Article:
African-American music Musical traditions of African American people

African-American music is an umbrella term covering a diverse range of music and musical genres largely developed by African Americans. Their origins are in musical forms that arose out of the historical condition of slavery that characterized the lives of African Americans prior to the American Civil War.

Black music is music created, produced, or inspired by black people, people of African descent, including African music traditions and African popular music as well as the music genres of the African diaspora, including Caribbean music, Latin music, Brazilian music and African-American music. These genres include spiritual, gospel, rumba, blues, bomba, rock and roll, rock, jazz, salsa, R&B, samba, calypso, soul, cumbia, funk, ska, reggae, dub reggae, house, Detroit techno, hip hop, pop, gqom, afrobeat, and others.

Cumbia refers to a number of musical rhythm and folk dance traditions of Latin America, generally involving musical and cultural elements from Amerindians, Africans enslaved during colonial times and Europeans. Examples include:

Mexican cumbia

Mexican cumbia is a musical subgenre of cumbia which was reinvented in Mexico.

Field holler

The field holler or field call is mostly a historical type of vocal music sung by field slaves in the United States to accompany their tasked work, to communicate usefully, or to vent feelings. It differs from the collective work song in that it was sung solo, though early observers noted that a holler, or ‘cry’, might be echoed by other workers. Though commonly associated with cotton cultivation, the field holler was also sung by levee workers, and field hands in rice and sugar plantations. Field hollers are also known as corn-field hollers, water calls, and whoops. An early description is from 1853 and the first recordings are from the 1930s. The holler is closely related to the call and response of work songs and arhoolies. The Afro-American music form ultimately influenced strands of African American music, such as the blues, rhythm and blues and negro spirituals.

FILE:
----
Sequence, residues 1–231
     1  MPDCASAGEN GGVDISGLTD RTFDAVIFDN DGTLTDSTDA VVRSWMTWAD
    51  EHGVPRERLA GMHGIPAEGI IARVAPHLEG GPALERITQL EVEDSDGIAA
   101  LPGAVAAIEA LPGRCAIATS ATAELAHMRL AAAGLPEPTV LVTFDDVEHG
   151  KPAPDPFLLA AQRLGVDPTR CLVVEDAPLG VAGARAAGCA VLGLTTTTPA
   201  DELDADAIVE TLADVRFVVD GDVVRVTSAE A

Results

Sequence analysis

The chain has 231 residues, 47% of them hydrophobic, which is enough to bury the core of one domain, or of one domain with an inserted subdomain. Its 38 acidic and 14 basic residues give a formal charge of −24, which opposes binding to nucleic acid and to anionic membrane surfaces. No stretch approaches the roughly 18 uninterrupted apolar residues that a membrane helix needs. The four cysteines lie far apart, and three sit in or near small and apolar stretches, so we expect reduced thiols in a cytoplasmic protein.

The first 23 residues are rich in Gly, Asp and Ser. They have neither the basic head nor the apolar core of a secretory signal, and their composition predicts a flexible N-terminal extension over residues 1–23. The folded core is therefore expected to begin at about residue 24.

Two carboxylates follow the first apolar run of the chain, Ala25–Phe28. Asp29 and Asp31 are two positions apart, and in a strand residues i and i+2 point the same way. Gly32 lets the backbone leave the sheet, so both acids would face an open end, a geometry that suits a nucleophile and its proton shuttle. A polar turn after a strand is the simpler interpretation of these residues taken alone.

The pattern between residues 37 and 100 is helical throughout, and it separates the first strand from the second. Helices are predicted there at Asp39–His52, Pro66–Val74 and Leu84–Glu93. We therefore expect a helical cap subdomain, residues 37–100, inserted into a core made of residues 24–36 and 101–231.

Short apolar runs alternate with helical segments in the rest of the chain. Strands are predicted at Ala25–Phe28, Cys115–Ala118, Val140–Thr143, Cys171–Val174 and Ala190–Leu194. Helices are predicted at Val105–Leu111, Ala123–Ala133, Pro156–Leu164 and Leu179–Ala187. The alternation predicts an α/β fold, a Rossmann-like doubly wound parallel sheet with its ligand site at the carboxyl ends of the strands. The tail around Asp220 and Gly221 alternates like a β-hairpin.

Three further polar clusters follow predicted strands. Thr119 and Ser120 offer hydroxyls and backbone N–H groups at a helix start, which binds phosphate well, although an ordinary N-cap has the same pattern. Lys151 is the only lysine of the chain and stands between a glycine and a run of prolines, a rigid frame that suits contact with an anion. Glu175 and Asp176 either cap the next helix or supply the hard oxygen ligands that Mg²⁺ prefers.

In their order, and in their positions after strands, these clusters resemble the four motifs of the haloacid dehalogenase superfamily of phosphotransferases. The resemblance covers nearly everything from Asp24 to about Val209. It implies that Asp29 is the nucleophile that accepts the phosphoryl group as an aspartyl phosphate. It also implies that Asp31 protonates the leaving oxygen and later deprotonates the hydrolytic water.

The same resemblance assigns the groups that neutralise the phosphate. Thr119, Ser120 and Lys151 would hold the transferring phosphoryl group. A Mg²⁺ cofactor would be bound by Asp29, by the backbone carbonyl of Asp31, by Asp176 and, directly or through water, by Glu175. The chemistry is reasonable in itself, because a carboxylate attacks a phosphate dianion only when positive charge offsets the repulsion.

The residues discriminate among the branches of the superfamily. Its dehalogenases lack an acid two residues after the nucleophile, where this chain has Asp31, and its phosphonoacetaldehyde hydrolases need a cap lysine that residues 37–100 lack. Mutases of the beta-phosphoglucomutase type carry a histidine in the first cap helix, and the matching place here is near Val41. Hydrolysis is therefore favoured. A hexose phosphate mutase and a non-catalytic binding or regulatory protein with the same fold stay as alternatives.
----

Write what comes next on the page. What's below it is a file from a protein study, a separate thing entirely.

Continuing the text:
Afro-Colombians Colombian people of African descent

Afro-Colombians, African-Colombians, or Afrocolombianos (Spanish), are Colombians of aggregate or fractional Sub-Saharan African descent.

Cumbia (Colombia) Folkloric genre and dance from Colombia.

Cumbia[ˈkumbja] is a folkloric genre and dance from Colombia.

References

  1. , Harold, A Treasury of Afro-American Folklore: The Oral Literature, Traditions, Recollections, Legends, Tales, Songs, Religious Beliefs, Customs, Sayings and Humor of People of African Descent in the Americas. New York: Marlowe & Company, 1976.
  2. Orovio, Helio 2004. Cuban music from A to Z. Revised by Sue Steward. ISBN   0-8223-3186-1 A biographical dictionary of Cuban music, artists, composers, groups and terms. Duke University, Durham NC; Tumi, Bath. p191
  3. Sublette, Ned 2004. Cuba and its music: from the first drums to the mambo. Chicago. ISBN   1-55652-516-8
  4. https://music.si.edu/story/afro-peruvian-music-and-dance
  5. https://www.colombia.co/en/colombia-culture/dance/everything-need-know-cumbia/
  6. http://discovercolombia.com/cumbia-the-rhythm-of-colombia/
  7. 1 2 Shepherd, John (2003). Continuum Encyclopedia of Popular Music of the World: VolumeII: Performance and Production, Volume 11. A&C Black. p. 146.
  8. "From Charles Mackintosh's waterproof to Dolly the sheep: 43 innovations Scotland has given the world". The independent. January 3, 2016.
  9. Russel, Ian (2012). The Derbyshire Book Of Village Carols. Sheffield: Village Carols. p. 2.
  10. "Antiphony", article in the New Grove Dictionary of Music (2001). Oxford University Press.
  11. 1 2 Taruskin, R. (2005, p. 69) The Oxford History of Western Music; the Seventeenth and Eighteenth Centuries. Oxford University Press.
  12. Taruskin, R. (2005, p. 68-69) The Oxford History of Western Music; the Seventeenth and Eighteenth Centuries. Oxford University Press.
  13. Gardiner, J. E. (2013, p.470) Music in the Castle of Heaven: a Portrait of Johan Sebastian Bach. London, Allen Lane.
  14. Grove, G. (1898, p.153) Beethoven and his Nine Symphonies. London, Constable.
  15. Hopkins, A. (1981, p.137) The Nine Symphonies of Beethoven. London, Heinemann.
  16. Maconie, R. (1976, p. 111) The Works of Stockhausen. London, Marion Boyars.
  17. Worner, K.H. (1973, p.163) Stockhausen: Life and Work. London, Faber.
  18. 1 2 Middleton, Richard (1990). Studying Popular Music . Milton Keynes, UK: Open University Press. ISBN   0-335-15275-9. p. 49.